Thanks so much for judging.  

The Format of a Round

There are two teams in a round, the AFFIRMATIVE and the NEGATIVE. There are 2 speakers per side, the 1st Affirmative Speaker, the

2nd Affirmative Speaker, the 1st Negative Speaker, and the 2nd Negative Speaker, respectively.

Rounds will proceed in the following manner:

1st Affirmative Speech – 5 minutes

(cross-examination by negative team – 2 minutes)

1st Negative Speech – 5 minutes

(cross-examination by affirmative team – 2 minutes)

2nd Affirmative Speech – 5 minutes

(cross-examination by negative team – 2 minutes)

2nd Negative Speech – 5 minutes

(cross-examination by affirmative team – 2 minutes)


1st Negative REBUTTAL – 3 minutes

1st Affirmative REBUTTAL – 3 minutes

2nd Negative REBUTTAL – 3 minutes

2nd Affirmative REBUTTAL – 3 minutes

Preparation Time: Each team has 5 minutes of time for the entire round to divide up and allocate for the preparation of an upcoming speech. Strategic teams will also continue to prepare during their opposition’s preparation time.


During the Round: The judge should listen to the debate with an open mind, taking note of when debaters make particularly strong points, support points well with reasoning or evidence, and respond (or fail to do so) to the other team’s arguments.

After the Round: The judge should decide which side made the best points, supported their points best, and responded to the other side best. This team should be the winner.

Please circle this team on the ballot. If you wish to write comments on the basis for your decision you are encouraged to do so. While style and delivery are a part of the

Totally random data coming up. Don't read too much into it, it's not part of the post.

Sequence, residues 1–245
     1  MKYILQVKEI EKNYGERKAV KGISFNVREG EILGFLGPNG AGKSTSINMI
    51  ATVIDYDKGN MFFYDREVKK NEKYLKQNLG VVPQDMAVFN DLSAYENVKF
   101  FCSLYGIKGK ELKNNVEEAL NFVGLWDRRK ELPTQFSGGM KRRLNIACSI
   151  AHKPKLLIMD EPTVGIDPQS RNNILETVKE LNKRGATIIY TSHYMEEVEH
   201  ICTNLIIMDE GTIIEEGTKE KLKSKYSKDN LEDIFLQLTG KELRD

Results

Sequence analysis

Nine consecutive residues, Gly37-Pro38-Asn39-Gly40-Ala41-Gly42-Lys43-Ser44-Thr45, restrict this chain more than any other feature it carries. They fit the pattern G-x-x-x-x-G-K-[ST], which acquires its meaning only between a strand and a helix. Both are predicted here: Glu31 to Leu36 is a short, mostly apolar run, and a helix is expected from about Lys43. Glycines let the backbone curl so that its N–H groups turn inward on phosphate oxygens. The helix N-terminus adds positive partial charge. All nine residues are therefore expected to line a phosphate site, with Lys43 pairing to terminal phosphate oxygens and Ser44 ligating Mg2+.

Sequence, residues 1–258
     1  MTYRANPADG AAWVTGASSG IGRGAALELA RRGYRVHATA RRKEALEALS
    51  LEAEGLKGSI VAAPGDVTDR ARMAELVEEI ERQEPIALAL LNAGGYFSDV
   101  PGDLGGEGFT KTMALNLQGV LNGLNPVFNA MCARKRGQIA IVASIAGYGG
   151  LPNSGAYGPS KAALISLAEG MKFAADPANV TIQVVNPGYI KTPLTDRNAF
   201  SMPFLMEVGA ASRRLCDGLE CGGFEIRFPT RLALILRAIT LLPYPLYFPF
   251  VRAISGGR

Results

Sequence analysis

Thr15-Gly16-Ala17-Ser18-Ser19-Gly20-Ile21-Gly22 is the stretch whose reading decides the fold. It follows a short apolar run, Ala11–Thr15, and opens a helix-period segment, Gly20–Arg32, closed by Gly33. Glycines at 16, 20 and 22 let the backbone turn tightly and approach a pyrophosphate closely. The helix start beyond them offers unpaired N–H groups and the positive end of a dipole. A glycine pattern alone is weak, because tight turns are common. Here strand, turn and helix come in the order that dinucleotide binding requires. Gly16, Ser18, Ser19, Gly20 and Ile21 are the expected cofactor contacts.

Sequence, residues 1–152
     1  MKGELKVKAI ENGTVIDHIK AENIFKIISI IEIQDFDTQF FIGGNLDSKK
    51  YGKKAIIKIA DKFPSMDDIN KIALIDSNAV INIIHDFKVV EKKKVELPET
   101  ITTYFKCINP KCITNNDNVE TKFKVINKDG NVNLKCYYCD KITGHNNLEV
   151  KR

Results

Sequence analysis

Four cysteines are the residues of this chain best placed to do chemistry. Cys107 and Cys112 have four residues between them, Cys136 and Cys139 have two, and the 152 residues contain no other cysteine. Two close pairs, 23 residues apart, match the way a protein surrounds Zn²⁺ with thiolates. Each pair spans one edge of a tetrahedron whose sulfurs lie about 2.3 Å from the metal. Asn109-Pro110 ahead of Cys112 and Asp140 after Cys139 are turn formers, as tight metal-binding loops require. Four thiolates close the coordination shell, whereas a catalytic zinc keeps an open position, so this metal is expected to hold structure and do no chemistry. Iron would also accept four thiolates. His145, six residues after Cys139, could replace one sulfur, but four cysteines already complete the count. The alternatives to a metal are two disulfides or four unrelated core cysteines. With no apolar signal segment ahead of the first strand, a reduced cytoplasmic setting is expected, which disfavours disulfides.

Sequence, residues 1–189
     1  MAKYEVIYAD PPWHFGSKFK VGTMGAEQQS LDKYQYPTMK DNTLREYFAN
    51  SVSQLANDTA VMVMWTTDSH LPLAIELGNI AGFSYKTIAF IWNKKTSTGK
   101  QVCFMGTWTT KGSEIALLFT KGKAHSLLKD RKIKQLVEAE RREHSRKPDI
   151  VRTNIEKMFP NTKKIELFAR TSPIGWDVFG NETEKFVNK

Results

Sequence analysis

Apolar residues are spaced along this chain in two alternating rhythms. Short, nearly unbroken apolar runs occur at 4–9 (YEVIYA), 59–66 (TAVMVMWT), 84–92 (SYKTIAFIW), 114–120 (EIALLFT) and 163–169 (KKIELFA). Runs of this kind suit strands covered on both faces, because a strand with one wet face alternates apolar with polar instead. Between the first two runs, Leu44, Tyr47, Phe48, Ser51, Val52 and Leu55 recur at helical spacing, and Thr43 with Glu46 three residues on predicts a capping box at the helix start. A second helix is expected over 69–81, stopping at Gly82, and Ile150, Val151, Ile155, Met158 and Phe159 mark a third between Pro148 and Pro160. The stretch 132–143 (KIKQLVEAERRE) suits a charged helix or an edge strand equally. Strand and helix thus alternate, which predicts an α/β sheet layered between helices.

evaluation, they are primarily important regarding the ability of the debaters to convey the content of their speeches effectively.

Criteria for Evaluating Speakers

Debaters should be evaluated on their ability to -

• Comprehend and explain content

• Respond to the other side

• Style (this counts less than the others as it is more subjective)

Winning a Debate

A debate is won because one side illustrates that it has the most compelling reasons to vote for in the round. This can be because the other side did not respond adequately to these compelling points, because the winning team proves its issues of discussion are more important in a direct comparison, or because their was better proof offered for one side’s points versus another. [Debaters sometimes think in terms of “claims” – the argument, opinion, or statement; and “warrants” – the accompanying statistics, proof, evidence, or logical analysis.]


Students may quote directly from the documents in the common resource list that were provided to all competitors. Students may paraphrase all other sources, but must explain the context and relevance of any idea from an outside source from the list. Students may have notes and copies of the approved resources in the round, and may read from them. Common dictionary definitions are allowed, as are references to popular culture.

Cross Examination

Speakers should try to answer the questions asked of them after their own speeches to demonstrate their knowledge and speaking ability, although one CAN be helped by one’s partner. Either person may ASK the questions in cross-examination on a team, as there are multiple questioning strategies.


Debaters may provide additional reasoning for a point in rebuttals, but they should avoid completely new arguments in favor of comparing their points to their opponents. Please keep in mind that a new point by the 2nd Affirmative Rebuttal could NEVER be answered by the Negative, so it would be unfair to consider in the debate.


Students are allowed to take notes and read evidence from the computer. They may share notes and ideas with their partners. However; the use of the computer should not distract from the actual presentation of the debate (either in volume of typing or in sharing with a partner.)